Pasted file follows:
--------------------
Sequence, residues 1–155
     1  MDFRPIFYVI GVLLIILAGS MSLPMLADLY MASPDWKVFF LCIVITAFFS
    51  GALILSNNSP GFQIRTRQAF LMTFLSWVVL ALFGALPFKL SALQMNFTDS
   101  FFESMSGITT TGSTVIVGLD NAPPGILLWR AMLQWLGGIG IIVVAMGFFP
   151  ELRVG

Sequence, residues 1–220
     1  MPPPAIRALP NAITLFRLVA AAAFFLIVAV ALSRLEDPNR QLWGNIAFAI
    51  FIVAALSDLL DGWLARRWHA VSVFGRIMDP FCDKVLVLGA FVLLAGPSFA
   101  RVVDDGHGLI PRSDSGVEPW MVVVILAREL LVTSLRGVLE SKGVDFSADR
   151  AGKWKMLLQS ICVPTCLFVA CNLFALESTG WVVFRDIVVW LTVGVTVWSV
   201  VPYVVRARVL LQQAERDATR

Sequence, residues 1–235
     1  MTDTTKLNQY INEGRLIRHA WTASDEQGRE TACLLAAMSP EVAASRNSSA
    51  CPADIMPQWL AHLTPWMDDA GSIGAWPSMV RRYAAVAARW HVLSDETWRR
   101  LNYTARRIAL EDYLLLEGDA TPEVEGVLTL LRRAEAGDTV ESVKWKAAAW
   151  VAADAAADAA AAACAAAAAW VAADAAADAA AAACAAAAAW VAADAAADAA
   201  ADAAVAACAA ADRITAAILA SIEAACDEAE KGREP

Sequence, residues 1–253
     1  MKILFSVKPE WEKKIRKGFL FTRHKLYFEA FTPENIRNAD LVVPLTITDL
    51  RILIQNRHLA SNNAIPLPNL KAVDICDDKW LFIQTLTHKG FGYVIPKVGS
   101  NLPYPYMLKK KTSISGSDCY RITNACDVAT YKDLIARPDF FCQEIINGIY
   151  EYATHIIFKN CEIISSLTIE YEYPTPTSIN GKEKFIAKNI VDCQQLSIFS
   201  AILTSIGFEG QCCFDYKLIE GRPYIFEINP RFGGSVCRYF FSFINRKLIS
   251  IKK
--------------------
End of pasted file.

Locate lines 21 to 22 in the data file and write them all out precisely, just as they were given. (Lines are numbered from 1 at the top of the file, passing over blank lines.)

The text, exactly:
   101  NLPYPYMLKK KTSISGSDCY RITNACDVAT YKDLIARPDF FCQEIINGIY
   151  EYATHIIFKN CEIISSLTIE YEYPTPTSIN GKEKFIAKNI VDCQQLSIFS